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Author Topic: Libtards: "Gee, don't you care about cancer patients..." Do you?  (Read 769 times)
blacken700
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« Reply #50 on: November 20, 2013, 01:31:59 PM »

Hi numbskull. Why don't you read something for a change.  He actually makes some of your same arguments.  It is the rebuttal that is interesting.

But you know, I think it is probably a waste of time to try to communicate with you.  Keep shouting nonsensically, Dittohead.  There is a place for the brain dead in our society.  Not in the Navy, though.


did I miss something Huh what's this mean
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« Reply #51 on: November 20, 2013, 01:32:20 PM »


You're asking what IPAB is while claiming he isn't interested in politics?  lol.

That was one of the most hotly debated boards during the entire healthcare debate.  It has the ability to alter payment rates to healthcare providers.



Yep.  Here is part of what Dean said:  

“The IPAB will be able to stop certain treatments its members do not favor by simply setting rates to levels where no doctor or hospital will perform them,” Dean wrote in The Wall Street Journal.

“Getting rid of the IPAB is something Democrats and Republicans ought to agree on.”

http://thehill.com/blogs/healthwatch/health-reform-implementation/316045-obamacare-cost-cutting-board-faces-growing-opposition-from-democrats
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« Reply #52 on: November 21, 2013, 05:06:55 AM »

Yep.  Here is part of what Dean said:  

“The IPAB will be able to stop certain treatments its members do not favor by simply setting rates to levels where no doctor or hospital will perform them,” Dean wrote in The Wall Street Journal.

“Getting rid of the IPAB is something Democrats and Republicans ought to agree on.”

http://thehill.com/blogs/healthwatch/health-reform-implementation/316045-obamacare-cost-cutting-board-faces-growing-opposition-from-democrats

Dean is against anything but a single payer system. However, his analysis, which ironically echoes a lot of Republican criticism, is refuted in the link I posted.

It is impossible to have insurance without regulation.  Under the existing system, both health insurance companies and government agencies, regulate reimbursement rates and have been doing so for forty years.

Which has not resulted in rationing of health care.  Except through affordability, which ACA addresses.

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« Reply #53 on: November 21, 2013, 12:10:24 PM »

Dean is against anything but a single payer system. However, his analysis, which ironically echoes a lot of Republican criticism, is refuted in the link I posted.

It is impossible to have insurance without regulation.  Under the existing system, both health insurance companies and government agencies, regulate reimbursement rates and have been doing so for forty years.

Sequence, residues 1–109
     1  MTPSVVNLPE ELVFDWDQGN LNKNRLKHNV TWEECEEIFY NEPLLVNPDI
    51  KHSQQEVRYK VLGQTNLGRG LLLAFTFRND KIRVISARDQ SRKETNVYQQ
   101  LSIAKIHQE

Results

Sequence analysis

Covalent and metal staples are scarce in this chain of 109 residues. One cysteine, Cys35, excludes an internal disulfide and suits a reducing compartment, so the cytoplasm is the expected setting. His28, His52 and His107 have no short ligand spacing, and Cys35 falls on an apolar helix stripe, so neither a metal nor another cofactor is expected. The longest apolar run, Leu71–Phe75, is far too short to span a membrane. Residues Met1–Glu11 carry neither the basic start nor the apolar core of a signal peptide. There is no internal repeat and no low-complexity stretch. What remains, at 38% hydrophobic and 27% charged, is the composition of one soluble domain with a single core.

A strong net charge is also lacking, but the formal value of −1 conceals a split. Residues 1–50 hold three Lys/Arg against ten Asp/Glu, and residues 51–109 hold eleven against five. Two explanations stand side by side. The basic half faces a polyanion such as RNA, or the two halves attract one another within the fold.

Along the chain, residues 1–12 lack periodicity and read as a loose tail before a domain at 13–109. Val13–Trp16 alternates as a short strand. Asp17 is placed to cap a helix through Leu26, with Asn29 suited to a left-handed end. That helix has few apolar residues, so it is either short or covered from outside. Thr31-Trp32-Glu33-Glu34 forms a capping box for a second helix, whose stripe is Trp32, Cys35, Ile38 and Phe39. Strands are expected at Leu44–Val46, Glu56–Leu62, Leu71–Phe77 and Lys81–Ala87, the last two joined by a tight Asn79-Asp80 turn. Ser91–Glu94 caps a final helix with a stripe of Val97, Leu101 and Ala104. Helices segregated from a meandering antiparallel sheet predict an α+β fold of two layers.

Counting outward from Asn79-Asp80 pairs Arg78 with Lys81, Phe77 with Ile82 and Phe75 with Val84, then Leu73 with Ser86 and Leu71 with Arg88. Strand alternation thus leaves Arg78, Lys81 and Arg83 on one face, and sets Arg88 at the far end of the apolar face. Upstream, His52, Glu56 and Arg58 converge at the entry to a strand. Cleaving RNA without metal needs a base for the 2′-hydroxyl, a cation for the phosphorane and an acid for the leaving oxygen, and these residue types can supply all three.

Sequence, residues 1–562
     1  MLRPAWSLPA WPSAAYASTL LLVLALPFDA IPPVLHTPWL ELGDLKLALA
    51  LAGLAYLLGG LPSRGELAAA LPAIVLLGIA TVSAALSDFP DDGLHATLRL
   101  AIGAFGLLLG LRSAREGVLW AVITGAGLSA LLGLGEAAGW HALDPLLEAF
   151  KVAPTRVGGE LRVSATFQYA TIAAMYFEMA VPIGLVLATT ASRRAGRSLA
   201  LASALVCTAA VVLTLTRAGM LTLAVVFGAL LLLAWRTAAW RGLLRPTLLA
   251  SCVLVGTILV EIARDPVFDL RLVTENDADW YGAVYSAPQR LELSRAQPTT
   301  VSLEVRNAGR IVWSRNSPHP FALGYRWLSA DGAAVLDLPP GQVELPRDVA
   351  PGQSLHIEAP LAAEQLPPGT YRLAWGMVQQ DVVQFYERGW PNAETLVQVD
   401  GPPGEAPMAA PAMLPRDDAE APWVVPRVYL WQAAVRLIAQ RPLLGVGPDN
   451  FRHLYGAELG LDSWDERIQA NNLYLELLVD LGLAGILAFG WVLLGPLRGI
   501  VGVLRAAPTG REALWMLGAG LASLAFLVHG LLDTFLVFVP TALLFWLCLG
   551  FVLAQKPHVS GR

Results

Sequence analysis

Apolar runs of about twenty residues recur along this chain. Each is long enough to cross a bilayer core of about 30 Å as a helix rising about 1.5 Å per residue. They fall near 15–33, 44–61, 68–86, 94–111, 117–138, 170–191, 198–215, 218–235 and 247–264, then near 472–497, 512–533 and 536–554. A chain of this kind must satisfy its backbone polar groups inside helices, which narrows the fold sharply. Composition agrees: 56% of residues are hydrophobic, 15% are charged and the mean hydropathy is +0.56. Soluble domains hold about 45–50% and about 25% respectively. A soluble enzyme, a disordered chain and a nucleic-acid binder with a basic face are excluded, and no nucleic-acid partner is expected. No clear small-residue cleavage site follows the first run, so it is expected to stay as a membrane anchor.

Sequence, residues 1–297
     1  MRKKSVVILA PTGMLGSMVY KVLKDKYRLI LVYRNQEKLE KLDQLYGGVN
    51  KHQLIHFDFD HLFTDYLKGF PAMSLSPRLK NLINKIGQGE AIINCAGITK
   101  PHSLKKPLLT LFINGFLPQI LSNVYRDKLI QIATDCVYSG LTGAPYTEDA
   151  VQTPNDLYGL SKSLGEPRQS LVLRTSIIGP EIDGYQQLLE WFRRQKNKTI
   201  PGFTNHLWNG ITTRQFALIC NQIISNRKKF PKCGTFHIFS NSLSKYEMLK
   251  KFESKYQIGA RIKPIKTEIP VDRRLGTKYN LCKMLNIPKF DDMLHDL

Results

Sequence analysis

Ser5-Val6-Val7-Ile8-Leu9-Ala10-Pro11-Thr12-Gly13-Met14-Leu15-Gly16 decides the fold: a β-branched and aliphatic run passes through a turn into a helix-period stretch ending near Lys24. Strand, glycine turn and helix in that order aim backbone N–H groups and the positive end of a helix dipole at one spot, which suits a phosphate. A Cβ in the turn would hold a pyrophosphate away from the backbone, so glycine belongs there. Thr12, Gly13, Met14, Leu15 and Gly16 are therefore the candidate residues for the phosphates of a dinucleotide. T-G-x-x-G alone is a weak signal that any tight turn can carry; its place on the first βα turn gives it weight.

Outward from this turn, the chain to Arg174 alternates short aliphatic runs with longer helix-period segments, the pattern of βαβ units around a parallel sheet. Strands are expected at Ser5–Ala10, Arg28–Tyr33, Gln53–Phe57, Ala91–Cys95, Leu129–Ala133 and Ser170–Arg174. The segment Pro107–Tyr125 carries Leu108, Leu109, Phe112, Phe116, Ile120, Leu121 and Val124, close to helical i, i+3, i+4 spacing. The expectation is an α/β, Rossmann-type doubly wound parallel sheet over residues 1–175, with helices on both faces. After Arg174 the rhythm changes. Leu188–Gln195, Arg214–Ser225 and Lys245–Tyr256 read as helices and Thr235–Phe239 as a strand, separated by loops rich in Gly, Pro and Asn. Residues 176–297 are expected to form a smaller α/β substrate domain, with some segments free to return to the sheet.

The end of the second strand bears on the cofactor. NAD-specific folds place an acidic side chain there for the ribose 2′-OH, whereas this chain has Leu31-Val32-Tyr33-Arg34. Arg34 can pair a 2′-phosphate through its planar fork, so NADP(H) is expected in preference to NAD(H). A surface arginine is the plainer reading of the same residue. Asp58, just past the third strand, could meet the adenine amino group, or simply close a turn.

Which has not resulted in rationing of health care.  Except through affordability, which ACA addresses.



I'm not sure the article refuted Dean's comments.  The author certainly thinks so.  But he said this:  "IPAB will be able to propose changes in the rate of growth for Medicare fees -- for doctors at first, and later for hospitals as well."  That is consistent with what Dean is saying.  They will "propose changes in the rate of growth" to point where no doctor or hospital will perform certain treatments.   
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« Reply #54 on: November 21, 2013, 07:54:35 PM »

I'm not sure the article refuted Dean's comments.  The author certainly thinks so.  But he said this:  "IPAB will be able to propose changes in the rate of growth for Medicare fees -- for doctors at first, and later for hospitals as well."  That is consistent with what Dean is saying.  They will "propose changes in the rate of growth" to point where no doctor or hospital will perform certain treatments.  

The problem is in Dean's conclusion, stated in your last sentence.  That would be like states setting speed limits on roadways to 2 miles an hour.  The IPAB has no interest in undoing the access to affordable health care that the ACA strives for.  However, there needs to be a mechanism to control costs.

The Republicans (not Dean, BTW) would respond that, left unfettered by government control, the private health insurance market, through competition, would keep consumer costs reasonable.

The problem is the positive feedback loop in escalating costs caused by doctors ordering too many expensive tests and treatments (for many reasons, including to cover themselves against potential malpractice claims). And that problem is not solved by competition.  It is solved by providing reasonable limits on reimbursements, which all health insurance companies do today.